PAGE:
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Voluntary adopters and the national surveillance camera strategy

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Hi, I’m Philip Jones and I have been supporting Tony Porter, the Surveillance Camera Commissioner, in delivering compliance with the surveillance camera code of practice for well over a year. I lead the voluntary adopters strand of the national surveillance camera strategy for England and Wales.

Whilst this is a purely altruistic part-time voluntarily job I have a day job as the Westfield Europe Security Manager at Westfield London (White City). My background comprises an eclectic mix of police and military (RAF) service, local Government (Wandsworth Council) and corporate security for a communications company and major national and international banks. All in all I was perfectly suited to the role! Little did I realise the complexity of the task ahead.

Having been invited to take up this role, someone (in fact, more than one person) had to explain what a ‘Voluntary Adopter’ is!  Also, what specifically does ‘surveillance’ mean? At long last, I think I know!! Surveillance first! It is important to note that surveillance includes the traditional CCTV camera, usually attached to a wall or pole, but also includes automatic number plate recognition, body worn video and, cameras attached to vehicles or drones.  Any form of surveillance camera.

A Voluntary Adopter agrees to adopt the code of practice voluntarily (blindly obvious really) – there is no legal requirement for Voluntary Adopters to adopt the code (and achieve compliance). However, there are numerous reasons why adopting the code is a good idea – one of which is the benefit of ‘selling’ compliance as a social responsibility. This has hit a vein with a number of shopping centre owners and retailers (as well as national bodies such as Revo (which was the British Council of Shopping Centres)). Adoption of the code is, in a number of cases, seen as the right thing to do and is, currently, a unique selling point for some.

Why adopt the code?

The really interesting aspect of this work is the initial “what’s in it for me” response followed by the “can you help us self-assess and move to certification.” Board Members, or those holding the purse strings, want to know what commercial benefit might be derived from self-assessment or certification and, evidencing the commercial benefits can, on occasions, be a little tricky. It is important to consider the question from a different perspective. When responding to, for example, enquiries from the public or legal representatives, evidencing compliance may be extremely valuable particularly in cases involving litigation. But, as mentioned elsewhere, various right-minded business view self-assessment as the right thing to do if they are monitoring shoppers, contractors or their own staff. One shopping centre management company has not insisted on compliance by all retailers (in retail units and kiosks) in their shopping centres – which is a major step forward.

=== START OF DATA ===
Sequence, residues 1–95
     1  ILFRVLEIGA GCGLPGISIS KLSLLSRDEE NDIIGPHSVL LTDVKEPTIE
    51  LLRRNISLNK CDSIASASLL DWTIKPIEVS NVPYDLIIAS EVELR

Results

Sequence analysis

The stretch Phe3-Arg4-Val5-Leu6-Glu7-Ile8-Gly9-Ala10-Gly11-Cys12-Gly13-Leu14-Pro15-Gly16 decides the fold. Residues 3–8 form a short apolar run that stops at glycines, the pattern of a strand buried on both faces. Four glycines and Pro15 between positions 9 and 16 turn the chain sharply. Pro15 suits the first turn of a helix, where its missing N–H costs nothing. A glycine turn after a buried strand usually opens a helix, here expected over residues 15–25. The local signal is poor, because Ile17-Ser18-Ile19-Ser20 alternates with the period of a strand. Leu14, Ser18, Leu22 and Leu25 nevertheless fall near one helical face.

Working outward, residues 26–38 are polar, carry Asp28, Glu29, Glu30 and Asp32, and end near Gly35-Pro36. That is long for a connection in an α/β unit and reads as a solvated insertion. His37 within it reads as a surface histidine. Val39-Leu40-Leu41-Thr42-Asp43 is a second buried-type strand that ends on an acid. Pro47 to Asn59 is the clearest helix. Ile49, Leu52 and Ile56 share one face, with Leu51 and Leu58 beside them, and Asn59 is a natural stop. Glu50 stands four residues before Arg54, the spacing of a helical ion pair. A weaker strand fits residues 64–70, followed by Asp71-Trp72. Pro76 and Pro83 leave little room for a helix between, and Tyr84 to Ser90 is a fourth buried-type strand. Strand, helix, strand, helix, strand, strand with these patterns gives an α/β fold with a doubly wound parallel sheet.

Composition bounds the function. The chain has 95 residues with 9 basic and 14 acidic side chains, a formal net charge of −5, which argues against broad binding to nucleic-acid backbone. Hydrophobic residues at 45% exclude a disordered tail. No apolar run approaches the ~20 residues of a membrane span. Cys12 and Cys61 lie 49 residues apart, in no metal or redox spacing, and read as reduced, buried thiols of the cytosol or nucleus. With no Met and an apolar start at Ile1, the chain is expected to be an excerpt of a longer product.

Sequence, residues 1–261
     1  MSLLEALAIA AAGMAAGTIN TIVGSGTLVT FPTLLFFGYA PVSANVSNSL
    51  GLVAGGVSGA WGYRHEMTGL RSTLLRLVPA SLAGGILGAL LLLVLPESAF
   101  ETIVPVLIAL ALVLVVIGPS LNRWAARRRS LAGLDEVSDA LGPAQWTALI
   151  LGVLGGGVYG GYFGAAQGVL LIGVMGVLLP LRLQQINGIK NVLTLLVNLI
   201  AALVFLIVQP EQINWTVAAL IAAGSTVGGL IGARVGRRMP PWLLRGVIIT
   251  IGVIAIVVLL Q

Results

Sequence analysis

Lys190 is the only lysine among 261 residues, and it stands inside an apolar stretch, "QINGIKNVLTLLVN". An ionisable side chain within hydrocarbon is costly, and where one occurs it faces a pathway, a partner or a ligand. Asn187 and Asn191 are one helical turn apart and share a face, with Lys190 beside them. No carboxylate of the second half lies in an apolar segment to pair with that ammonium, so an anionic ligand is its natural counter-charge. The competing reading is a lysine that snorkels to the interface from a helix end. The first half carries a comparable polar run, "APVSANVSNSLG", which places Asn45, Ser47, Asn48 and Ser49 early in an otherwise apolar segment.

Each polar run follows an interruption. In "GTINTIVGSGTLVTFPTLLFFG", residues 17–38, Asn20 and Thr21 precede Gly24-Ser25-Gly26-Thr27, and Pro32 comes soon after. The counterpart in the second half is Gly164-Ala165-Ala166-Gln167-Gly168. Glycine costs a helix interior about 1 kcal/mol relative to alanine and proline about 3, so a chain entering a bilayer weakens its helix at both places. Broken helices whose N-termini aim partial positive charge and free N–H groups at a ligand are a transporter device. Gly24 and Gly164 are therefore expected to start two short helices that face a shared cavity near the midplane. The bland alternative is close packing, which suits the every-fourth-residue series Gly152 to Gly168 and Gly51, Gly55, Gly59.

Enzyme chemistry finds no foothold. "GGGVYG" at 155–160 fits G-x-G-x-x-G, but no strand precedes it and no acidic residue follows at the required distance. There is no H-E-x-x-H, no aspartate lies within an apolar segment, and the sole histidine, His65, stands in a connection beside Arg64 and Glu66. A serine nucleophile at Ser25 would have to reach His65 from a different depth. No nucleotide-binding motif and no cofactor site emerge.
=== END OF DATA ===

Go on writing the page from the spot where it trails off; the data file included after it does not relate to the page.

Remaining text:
Westfield Shopping Centres, are adopting the code, self-assessing and moving to certification is 2017. Intu support the adoption of the code and are, it is hoped, moving to early self-assessment at Intu Centres and, similarly, Hammerson are moving towards adoption. M&S have (amazingly) achieved certification and are rightly proud of this achievement. Other retailers, shopping centres, retail parks and town centres have shown interest in following suit and in the coming months I will be providing support to these businesses and organisations.

Where next?

The scope of the voluntary adopter sector is huge and, I decided to address the retail and retailing environment first so as to impact a very large number of people – a person that visits a shopping centre, retail park, town centre or specific retailer! I have mentioned to Tony that I have sights firmly set on the banking sector via the British Banking Association but I want to ensure that I have achieved momentum in retail sector before taking on ‘Banking’. I also have links (via the Centre for the Protection of the National Infrastructure) with leaders in the entertainment industry and this is, perhaps, the next area to address. All in all, this would appear to be a life-long task of persuading those that have no legal or regulatory requirement to achieve compliance, to jump on board.

Support for this initiative at CEO and Board level is vital is we are to ensure that ‘surveillance’ is undertaken consistently and lawfully. Thankfully, many have seen the light and others are considering the pros and cons whilst doing a business in a very challenging environment. I am excited (but slightly apprehensive) about the months ahead as others come on board but the benefits to business are clear to me and numerous others.

So, lots to do so make sure you sign up for email alerts for Tony’s blog and also follow him on Twitter to hear all the latest news about the strategy.

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